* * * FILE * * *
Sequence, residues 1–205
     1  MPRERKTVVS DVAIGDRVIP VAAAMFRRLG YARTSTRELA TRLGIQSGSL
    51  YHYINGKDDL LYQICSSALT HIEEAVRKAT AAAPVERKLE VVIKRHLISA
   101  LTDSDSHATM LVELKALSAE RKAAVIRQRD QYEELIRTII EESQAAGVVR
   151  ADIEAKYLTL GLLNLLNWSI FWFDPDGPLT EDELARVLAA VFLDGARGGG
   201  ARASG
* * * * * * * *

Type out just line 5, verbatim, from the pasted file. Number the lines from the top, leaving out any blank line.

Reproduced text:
   151  ADIEAKYLTL GLLNLLNWSI FWFDPDGPLT EDELARVLAA VFLDGARGGG